But device has also few nice things. Everything is integrated so 12x12cm box is enough to keep everything inside. It has ATA controller, FastEthernet, graphics based on XGI core (with accelerated framebuffer able to do 1680×1050 resolution) and working USB. There is a place to put 2.5″ HDD inside (normally it boots from CompactFlash card), second Ethernet or WiFi are available options…
But what is use for such slow device? There are lot of ARM based ones which offer similar (or better) functionality and are faster… But wait — there is one use: event displays as this machine has nicely working framebuffer (I got even 1680×1050 resolution).
UPDATE: added results from iBook G3 300MHz and some other machines.
Today I got case for Alix.1c mainboard. For reminding: this is PC Engines board in mini-ITX format, powered by AMD Geode LX800.
Package arrived from Koan Software and contained one of their products: MiniPC 2PCI case.
There were many addons in the box:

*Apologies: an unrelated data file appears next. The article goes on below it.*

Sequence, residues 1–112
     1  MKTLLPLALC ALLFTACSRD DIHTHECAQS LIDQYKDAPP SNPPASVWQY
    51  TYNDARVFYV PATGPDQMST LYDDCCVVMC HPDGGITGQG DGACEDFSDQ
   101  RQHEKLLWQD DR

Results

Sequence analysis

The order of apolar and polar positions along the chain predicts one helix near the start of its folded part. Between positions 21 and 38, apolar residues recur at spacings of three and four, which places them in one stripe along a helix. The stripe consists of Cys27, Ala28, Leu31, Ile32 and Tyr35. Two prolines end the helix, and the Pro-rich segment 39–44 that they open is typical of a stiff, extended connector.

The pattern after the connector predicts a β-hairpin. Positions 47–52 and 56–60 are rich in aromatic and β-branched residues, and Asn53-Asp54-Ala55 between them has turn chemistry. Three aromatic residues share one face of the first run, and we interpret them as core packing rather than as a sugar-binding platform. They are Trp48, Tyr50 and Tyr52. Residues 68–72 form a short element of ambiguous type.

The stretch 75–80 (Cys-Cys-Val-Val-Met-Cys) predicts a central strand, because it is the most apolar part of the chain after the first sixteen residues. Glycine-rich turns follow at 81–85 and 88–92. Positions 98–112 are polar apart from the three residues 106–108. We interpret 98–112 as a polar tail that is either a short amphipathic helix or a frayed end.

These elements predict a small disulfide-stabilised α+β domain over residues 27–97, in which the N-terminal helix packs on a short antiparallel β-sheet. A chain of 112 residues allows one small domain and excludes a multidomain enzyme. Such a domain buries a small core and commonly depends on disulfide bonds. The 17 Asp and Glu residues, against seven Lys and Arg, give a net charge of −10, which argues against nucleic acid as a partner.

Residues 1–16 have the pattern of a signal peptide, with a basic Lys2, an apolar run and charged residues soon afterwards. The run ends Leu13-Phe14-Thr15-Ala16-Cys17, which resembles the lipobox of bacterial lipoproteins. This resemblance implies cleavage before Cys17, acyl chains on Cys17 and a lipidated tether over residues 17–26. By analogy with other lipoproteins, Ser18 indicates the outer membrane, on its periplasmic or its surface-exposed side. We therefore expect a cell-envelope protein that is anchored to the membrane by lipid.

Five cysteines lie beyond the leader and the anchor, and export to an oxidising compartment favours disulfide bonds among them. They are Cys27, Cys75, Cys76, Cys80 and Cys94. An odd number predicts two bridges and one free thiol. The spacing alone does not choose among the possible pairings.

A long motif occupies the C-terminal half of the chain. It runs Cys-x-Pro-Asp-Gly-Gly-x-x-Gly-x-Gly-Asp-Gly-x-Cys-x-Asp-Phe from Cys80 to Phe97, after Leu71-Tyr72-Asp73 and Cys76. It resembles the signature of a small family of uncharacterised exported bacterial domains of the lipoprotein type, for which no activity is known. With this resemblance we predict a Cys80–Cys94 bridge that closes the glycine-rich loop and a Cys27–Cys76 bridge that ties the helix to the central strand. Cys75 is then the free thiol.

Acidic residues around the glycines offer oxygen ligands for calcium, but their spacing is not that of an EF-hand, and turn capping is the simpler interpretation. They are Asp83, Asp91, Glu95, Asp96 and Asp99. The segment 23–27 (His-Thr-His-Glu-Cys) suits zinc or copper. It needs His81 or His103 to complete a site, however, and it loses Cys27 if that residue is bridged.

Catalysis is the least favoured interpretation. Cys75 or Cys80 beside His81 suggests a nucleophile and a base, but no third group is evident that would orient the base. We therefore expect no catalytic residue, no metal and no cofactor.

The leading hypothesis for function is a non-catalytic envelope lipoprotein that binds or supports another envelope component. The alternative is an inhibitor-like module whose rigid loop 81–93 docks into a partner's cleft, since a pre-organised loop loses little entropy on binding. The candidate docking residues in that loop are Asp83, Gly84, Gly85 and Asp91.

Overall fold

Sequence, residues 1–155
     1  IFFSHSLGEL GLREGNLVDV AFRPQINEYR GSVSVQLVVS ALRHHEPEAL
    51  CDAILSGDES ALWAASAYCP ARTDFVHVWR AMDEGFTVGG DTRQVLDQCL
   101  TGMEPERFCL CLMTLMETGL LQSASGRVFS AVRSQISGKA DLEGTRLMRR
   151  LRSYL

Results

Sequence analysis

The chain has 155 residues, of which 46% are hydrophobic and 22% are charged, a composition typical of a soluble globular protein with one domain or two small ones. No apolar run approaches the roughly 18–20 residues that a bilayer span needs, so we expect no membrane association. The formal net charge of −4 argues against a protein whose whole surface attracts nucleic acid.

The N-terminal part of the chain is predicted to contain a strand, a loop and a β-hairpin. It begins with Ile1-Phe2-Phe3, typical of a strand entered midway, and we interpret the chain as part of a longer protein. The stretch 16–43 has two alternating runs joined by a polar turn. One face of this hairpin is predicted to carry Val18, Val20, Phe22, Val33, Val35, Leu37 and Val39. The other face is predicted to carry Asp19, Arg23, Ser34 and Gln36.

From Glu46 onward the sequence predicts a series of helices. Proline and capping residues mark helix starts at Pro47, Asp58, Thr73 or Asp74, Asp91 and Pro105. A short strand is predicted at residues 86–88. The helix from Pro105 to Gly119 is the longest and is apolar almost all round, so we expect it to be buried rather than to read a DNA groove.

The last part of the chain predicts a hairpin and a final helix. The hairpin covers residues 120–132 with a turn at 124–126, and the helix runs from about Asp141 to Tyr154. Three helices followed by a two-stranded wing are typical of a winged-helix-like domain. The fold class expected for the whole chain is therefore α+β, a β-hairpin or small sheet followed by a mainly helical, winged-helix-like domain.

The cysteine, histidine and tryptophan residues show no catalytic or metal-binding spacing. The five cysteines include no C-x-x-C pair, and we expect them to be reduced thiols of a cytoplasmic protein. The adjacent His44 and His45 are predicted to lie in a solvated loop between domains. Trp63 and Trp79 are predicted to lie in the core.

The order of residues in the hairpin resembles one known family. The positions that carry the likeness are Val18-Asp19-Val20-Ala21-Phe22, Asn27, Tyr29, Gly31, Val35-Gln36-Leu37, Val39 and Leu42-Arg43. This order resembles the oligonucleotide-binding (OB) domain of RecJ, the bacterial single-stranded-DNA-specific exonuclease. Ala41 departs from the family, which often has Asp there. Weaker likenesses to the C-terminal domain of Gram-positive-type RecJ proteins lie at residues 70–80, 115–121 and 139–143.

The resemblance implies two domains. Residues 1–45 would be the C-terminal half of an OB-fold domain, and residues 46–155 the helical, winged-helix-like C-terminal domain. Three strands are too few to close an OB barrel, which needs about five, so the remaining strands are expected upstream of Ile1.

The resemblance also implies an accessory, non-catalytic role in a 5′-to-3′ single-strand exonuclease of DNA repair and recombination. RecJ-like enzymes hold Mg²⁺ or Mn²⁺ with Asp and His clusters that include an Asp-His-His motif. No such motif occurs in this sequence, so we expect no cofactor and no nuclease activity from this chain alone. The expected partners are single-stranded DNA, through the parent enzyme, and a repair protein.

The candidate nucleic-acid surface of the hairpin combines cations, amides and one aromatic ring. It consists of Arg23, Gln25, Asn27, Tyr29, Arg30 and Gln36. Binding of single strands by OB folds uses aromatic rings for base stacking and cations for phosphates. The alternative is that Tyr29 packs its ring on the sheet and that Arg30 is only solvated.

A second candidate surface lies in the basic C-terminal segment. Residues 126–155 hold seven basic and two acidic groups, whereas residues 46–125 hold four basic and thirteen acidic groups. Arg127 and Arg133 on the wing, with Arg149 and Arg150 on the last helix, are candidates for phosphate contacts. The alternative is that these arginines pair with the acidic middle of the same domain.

- 60W 12V AC adapter
- 2.5″ ATA -> Slim DVD/CD adapter
- PCI riser for 2 slots
- wall mounting elements
- 2.5″ ATA 3.5″ ATA adapters
- bracket for 3 DB9 connectors (additional serials anyone?)
AC adapter is added because case contains small PSU with few connectors. I do not use it because Alix.1c mainboard consists similar one already (and lack ATX power connector).
Inside case there is a lot of space available:
There are mounting places for 3.5″ HDD, 2.5″ HDD and slim DVD/CD drive (signal adapter attached). There are also 2 fans (60mm each) but I left them not connected (Alix does not require cooling and lack sockets for fans).
Front panel has 2 USB sockets, HDD and power leds and power button. As usual in mini-ITX cases there is no Reset button. Not present in my case (but available as option) is CompactFlash slot accessible from front. I did not ordered it because Alix has such one integrated.
Case is very high quality made — no sharp edges, easy access to all peripherals. And all those addons which are in a box makes overall cost smaller. If someone is searching for good mini-ITX case then MiniPC ones are good choice (and there is smaller version without place for PCI cards).
PCI 3.3V 🙁